Outlook.com launched at the end of July and after more than two solid months of use, we wanted to give our insight, at a deeper level than when Outlook.com first launched, about how Microsoft can improve the platform.
When Outlook.com was announced, it signaled the end of the Hotmail era and brought with it a new interface, which we covered extensively here. The interface is familiar and designed with your content being front and center but despite all of the changes, there are still a few areas that need tweaking to take the service to the next level.
In general, though, we do enjoy the service as the customization is plentiful and the existing integration with smartphones using EAS made setting up accounts a breeze. Navigating around the interface, Skydrive integration and contact import from other services (Gmail, Facebook, etc) all worked seamlessly and made the transition from Gmail to Outlook.com a snap.
Despite speaking highly of the service, there are a few areas that need to be improved in future revisions that can refine and expand the service to make it holistically the best option for email on the Internet.
Apple.com email being flagged as insecure
Oh boy, getting up and running we had some issues with the spam filter, notably, emails coming from other Outlook.com accounts were flagged as spam (oops!). Now, this issue has been resolved (for outlook.com domains) and the filter certainly “learns” the more you identify content which reduces these flags, but it is still not perfect.
For instance, legitimate insurance emails were flagged as spam, causing me to miss them for a few weeks, and we have also seen Apple.com emails being flagged for being insecure. While it is getting better, the upstart was a bit rough and we still find the need to check the spam folder to make sure legitimate emails were not flagged.
We asked Microsoft about the incorrect flagging and David Law, who works on the Outlook.com team, stated the following response:
Our internal metrics show that, in aggregate, Outlook is actually doing better than Hotmail and other competitors at keeping spam out of our customers’ inboxes
On a high note, we should mention that we have not received any of the traditional spam such as Viagra offers or cash payments from a prince in Nigeria,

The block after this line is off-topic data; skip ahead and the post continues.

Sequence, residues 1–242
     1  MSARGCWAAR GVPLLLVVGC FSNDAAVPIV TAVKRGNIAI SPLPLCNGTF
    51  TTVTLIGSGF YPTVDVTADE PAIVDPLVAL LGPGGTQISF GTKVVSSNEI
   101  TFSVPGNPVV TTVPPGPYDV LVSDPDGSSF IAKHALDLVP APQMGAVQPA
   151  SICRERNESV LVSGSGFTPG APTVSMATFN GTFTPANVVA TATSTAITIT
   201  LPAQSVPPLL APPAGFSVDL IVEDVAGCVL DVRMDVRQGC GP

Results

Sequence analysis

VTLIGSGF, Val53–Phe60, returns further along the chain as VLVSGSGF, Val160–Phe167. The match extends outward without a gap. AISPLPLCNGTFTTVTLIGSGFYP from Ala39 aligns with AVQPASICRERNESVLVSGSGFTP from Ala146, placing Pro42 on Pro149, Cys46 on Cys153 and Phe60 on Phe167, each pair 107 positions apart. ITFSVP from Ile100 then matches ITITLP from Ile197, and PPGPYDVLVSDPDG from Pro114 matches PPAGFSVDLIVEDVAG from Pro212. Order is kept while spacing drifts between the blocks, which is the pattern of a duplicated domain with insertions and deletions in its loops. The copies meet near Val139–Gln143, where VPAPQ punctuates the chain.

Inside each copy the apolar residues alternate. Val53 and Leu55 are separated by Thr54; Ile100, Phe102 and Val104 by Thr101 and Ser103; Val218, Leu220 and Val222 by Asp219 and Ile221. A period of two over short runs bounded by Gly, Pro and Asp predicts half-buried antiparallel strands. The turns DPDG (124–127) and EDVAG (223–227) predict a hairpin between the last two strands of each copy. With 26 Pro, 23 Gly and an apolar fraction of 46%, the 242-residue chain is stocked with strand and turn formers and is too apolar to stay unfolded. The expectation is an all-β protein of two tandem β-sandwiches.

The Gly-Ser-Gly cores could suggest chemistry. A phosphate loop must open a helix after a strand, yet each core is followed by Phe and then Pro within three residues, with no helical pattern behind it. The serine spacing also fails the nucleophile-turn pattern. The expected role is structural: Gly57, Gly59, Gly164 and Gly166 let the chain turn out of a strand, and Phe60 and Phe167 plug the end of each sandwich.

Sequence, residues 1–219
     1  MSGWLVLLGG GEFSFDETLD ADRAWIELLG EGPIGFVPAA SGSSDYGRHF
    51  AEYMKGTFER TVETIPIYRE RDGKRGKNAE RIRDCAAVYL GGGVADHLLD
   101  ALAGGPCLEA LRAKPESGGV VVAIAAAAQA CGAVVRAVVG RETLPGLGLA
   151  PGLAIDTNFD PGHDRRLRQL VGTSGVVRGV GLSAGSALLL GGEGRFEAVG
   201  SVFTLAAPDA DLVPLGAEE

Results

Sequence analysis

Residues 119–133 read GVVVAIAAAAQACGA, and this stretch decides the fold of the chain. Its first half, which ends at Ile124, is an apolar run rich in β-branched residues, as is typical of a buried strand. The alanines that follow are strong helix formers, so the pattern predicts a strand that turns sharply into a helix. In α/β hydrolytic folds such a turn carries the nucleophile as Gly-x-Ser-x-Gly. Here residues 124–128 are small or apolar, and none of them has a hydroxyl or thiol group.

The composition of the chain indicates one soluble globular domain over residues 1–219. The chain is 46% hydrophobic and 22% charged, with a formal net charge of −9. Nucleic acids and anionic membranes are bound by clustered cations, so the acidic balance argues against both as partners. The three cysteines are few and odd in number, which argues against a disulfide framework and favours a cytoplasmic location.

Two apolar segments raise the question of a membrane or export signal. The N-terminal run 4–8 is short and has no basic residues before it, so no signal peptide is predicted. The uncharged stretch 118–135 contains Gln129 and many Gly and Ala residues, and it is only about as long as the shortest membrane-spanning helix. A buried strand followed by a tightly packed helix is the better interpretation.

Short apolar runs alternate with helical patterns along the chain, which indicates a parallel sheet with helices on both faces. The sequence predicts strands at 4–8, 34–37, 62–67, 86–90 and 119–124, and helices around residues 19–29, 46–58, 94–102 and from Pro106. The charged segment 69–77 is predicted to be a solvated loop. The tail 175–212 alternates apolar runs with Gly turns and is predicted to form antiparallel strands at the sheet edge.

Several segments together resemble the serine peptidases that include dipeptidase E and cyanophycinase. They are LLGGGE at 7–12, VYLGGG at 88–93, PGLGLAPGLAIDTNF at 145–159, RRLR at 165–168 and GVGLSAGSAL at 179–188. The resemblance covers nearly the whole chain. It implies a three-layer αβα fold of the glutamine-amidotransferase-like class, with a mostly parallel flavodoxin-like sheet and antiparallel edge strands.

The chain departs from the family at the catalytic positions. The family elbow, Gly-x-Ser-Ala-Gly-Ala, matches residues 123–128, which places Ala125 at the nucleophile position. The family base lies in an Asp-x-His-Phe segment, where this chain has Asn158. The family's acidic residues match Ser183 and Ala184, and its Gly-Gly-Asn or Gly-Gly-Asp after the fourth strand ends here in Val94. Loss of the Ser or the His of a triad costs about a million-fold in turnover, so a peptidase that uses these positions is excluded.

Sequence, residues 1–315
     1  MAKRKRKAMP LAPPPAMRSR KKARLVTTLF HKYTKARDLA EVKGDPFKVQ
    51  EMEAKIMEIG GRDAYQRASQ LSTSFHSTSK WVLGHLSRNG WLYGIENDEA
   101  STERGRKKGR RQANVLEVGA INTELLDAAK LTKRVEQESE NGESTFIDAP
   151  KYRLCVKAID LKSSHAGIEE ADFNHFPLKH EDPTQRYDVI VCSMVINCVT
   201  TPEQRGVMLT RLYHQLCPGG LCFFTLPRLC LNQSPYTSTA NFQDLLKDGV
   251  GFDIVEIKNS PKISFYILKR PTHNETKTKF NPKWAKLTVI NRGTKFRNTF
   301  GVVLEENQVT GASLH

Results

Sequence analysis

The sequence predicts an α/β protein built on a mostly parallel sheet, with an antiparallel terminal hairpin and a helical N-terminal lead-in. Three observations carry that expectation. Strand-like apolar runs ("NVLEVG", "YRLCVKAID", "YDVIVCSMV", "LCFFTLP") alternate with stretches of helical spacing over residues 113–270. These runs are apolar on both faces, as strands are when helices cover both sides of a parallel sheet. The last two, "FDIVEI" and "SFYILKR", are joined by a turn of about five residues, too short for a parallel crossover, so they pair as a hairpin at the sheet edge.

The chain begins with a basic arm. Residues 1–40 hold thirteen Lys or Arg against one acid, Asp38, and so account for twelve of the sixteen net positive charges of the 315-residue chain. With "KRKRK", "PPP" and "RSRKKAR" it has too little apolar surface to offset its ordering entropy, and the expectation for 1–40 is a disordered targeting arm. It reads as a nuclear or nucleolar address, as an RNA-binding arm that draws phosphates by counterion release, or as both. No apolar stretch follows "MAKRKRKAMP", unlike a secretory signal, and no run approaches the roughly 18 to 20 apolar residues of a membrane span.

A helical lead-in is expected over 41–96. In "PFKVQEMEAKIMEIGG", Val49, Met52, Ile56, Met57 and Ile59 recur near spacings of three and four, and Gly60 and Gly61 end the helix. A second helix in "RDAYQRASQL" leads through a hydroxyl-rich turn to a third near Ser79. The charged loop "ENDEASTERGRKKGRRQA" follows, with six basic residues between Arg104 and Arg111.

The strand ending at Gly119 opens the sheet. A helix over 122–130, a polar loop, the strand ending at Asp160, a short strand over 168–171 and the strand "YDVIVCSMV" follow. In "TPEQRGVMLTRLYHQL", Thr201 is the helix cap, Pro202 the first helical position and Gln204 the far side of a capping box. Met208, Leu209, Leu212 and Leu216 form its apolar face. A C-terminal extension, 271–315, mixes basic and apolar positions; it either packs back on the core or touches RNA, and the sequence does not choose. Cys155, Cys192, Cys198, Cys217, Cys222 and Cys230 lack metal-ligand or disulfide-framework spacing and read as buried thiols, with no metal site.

Border shading does not vertically align to scroll bar
Beyond the spam, there are few UI quirks that we have noticed that need to be cleaned up; such as the image you see below when trying to send an email with an attachment that has not been fully uploaded. The options presented don’t make it easy to cancel the action, you can hit escape to stop sending the email but with no cancel button, it could be confusing for some users.
No cancel button to stop the action
The design inconsistencies are apparent throughout the email service but rarely inhibit the use of the platform. Another quirk (image below) is that new items in the Junk folder cause the text field to be bold indicating that new items have been diverted from your inbox. Why would I want to know that I have new, unread, junk email that needs to be viewed? Of course, when you read the issue above about not trusting the spam filter, maybe it's a good thing as you now have two inboxes that need to be maintained until the filter is properly trained.
The settings area could also use a bit of tweaking as well, as it appears to be a massive wall of text and locating the different settings segments is a bit of a headache as there is not enough distinction in the headings. Simply making the header text bold for each segment could turn this cluttered page into a more organized feature.
Wall of text, headings should be emphasized.
Another issue that can be seen across the UI is inconsistent border width. The image below shows a 1 pixel border gap between the scroll bar and the email field (right side) but on the left side there is no gap between the email field and the sidebar.
Inconsistent border spacing
One of the compelling features that most users complain about not being available in Outlook.com is the ability to archive content, rather than delete it. There is a work around for this feature and Outlook.com does a great job of allowing you to quickly add a folder shortcut to create a manual archive instead of the automated process, but it is not a perfect solution.
Google (top) allows for native archiving, Outlook (bottom) only allows deletion
Where this shortcoming shows through is with the mobile experience. When using the email service on iOS, Gmail’s archive option works seamlessly but outlook.com only allows you to delete the email; unless you take the additional steps to open the item and assign it to a new folder.
These issues are relatively minor in the grand scheme of the email service but it's the small tweaks that make big impact on user perception. For Microsoft, they need to build the best email platform, not a competing service.
Outlook.com is off to a great start and the overall experience is positive. If Microsoft can address the spam and design issues, it will help Outlook.com keep the momentum it has already established and ensure that the service builds a quality rapport with its users.